A Post-Mortem

We finally had the encounter that the whole game was leading to.  An 8 year old with the Hand and Eye of Vecna and some elf-vampire-martial-artist thing that had 5 attacks per round + counter attacks and rolled an uncanny number of crits are in the temple of Wee Jas performing some ritual that all of the folk in the city are attending.  A dozen orphans are around the altar feeding a black energy.

The First round resulted in my getting a solid hit on the big bad, her dragon laying out the Ninja deep into negative territory, the Cleric casting a buff, the Bardbarian raging and the Psionicist doing some melee damage.  In retaliation for my 40 points of damage, Vecna makes me magic-sick.  Also in retaliation, the Vampire puts me at a negative, but the priest’s blessing kept me from going down double digits. The psionicist disintegrates Vecna for a lot of damage, putting him in the triple digit area of cumulative damage.  The Cleric heals me and the Bardbarian does a pittance of damage to the Vampire.  Vecna utterly destroys the Psionicist, who failed her fort save against instant death.  The Vampire curb stomped me down to 4 HP on her way to take out the Cleric.  The  Bardbarian at least manages to KO the aspect of Vecna.  While the Vampire starts grappling with the Cleric, I figure my best bet is to go over and try to destroy the altar of evil.  The Cleric and Vampire struggle, and the Bardbarian who was complaining that he couldn’t use his songs while he raged had stopped raging and decided he would try to use his shout to destroy the Altar.  While I was there destroying the Altar and there were a dozen orphan children standing around it.  The Altar takes 30ish sonic damage, the children take 30ish sonic damage, I take 30ish sonic damage, the amulet of fireballs I’m carrying takes 30ish sonic damage, exploding and causing an additional 30ish damage, charring the cracked altar and completely incinerating myself and the orphan children.  The Vampire finishes con-draining the cleric and gave the bardbarian a non-standard game over where, after vomiting blood to resurrect the aspect of Vecna, she fish slapped him to death with his own rib-cage.  Vecna Wins. Fatality.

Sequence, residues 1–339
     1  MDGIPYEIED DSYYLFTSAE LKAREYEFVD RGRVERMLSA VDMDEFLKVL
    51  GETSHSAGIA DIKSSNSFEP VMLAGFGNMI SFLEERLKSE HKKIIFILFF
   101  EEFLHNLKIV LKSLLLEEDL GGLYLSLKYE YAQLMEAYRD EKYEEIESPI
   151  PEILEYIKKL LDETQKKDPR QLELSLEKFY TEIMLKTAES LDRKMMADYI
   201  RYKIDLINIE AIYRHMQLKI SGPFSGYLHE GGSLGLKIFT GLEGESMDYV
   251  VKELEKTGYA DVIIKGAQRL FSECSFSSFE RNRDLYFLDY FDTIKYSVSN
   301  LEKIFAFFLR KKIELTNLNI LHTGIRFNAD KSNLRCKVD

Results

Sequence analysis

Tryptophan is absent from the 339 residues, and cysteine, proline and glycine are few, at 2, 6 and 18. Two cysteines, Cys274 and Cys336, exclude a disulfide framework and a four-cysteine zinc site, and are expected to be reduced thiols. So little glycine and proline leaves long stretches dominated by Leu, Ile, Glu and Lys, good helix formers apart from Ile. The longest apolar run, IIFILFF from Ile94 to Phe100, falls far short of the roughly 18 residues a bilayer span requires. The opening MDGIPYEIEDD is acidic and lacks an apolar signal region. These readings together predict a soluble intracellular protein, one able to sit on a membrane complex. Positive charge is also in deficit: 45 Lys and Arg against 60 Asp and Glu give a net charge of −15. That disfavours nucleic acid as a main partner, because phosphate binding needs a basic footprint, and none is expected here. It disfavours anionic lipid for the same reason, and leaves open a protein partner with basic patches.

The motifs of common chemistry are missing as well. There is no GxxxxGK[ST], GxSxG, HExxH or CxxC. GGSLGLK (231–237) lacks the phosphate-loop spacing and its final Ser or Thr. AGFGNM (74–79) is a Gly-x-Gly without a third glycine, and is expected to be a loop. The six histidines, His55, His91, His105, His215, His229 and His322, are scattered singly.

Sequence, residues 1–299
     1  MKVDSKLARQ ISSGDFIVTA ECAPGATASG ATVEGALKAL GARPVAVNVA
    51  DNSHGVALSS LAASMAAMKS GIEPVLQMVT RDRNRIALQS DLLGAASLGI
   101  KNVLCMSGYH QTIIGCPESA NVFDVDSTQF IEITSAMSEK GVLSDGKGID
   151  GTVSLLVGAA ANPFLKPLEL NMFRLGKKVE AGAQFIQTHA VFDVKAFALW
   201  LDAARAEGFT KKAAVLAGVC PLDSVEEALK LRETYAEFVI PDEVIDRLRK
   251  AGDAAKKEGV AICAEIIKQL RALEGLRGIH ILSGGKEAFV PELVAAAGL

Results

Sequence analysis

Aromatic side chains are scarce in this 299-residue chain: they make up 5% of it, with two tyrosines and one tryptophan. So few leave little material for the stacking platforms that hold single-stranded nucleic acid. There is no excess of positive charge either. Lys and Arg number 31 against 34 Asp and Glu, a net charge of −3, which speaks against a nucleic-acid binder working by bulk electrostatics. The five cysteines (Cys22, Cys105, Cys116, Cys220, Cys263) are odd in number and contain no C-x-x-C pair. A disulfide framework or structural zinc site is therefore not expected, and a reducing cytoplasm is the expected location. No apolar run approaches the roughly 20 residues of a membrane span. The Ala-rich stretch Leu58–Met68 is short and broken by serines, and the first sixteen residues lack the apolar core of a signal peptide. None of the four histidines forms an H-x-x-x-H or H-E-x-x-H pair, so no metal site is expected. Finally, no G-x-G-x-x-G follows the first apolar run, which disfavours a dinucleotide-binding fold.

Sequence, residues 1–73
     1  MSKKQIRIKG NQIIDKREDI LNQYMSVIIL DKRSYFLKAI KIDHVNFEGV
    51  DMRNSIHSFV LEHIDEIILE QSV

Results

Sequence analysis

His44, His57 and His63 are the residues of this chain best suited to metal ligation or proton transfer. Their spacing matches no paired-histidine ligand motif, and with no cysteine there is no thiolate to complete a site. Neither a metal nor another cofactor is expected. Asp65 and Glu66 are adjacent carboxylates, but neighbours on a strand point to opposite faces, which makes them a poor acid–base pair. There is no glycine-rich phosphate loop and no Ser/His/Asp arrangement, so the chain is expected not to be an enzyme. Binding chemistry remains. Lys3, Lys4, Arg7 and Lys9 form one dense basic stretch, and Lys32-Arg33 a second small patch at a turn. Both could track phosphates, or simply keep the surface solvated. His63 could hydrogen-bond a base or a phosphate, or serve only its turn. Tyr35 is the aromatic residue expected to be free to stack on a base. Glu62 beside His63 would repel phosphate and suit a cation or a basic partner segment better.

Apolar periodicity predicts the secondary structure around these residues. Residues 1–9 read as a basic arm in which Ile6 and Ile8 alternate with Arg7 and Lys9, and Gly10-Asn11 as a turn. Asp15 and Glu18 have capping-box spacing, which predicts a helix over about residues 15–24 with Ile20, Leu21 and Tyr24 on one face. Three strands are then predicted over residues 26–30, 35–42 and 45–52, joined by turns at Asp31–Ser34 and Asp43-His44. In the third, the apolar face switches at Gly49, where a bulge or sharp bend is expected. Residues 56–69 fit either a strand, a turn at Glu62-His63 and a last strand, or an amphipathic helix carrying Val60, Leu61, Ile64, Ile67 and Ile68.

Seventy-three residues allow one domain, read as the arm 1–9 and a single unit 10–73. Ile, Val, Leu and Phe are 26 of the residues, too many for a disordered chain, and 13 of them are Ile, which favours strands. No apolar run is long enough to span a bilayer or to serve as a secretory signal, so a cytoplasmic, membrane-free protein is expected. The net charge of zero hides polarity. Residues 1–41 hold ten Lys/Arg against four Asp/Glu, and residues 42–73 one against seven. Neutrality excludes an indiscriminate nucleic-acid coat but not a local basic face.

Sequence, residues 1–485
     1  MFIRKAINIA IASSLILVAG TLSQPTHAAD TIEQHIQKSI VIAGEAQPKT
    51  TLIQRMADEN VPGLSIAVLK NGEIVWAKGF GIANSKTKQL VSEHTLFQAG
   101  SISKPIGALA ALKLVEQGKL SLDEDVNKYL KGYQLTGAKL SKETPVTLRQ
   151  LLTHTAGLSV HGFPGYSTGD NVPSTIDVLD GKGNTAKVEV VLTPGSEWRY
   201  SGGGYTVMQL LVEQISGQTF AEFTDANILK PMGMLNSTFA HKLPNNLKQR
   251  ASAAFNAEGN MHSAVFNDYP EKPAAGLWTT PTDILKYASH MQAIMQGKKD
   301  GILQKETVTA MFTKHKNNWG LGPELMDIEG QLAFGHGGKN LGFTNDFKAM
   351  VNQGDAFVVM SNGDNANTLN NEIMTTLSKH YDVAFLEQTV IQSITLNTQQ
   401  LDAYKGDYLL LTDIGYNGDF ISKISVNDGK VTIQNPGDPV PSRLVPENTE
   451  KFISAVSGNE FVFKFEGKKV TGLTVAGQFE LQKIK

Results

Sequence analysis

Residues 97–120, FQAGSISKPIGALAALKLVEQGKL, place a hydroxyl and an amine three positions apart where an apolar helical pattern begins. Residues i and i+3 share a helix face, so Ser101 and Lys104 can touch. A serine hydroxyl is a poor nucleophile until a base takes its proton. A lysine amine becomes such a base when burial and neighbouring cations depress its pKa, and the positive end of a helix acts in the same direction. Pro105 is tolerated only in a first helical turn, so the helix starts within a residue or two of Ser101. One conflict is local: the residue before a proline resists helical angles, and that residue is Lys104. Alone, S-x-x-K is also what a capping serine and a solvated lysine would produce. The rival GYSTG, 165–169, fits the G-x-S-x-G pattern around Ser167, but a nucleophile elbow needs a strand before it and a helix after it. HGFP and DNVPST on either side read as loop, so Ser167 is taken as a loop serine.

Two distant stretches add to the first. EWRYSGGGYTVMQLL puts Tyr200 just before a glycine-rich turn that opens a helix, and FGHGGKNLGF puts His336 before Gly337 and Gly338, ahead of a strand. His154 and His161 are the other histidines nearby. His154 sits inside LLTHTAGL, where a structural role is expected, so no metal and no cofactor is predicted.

Glad that’s over.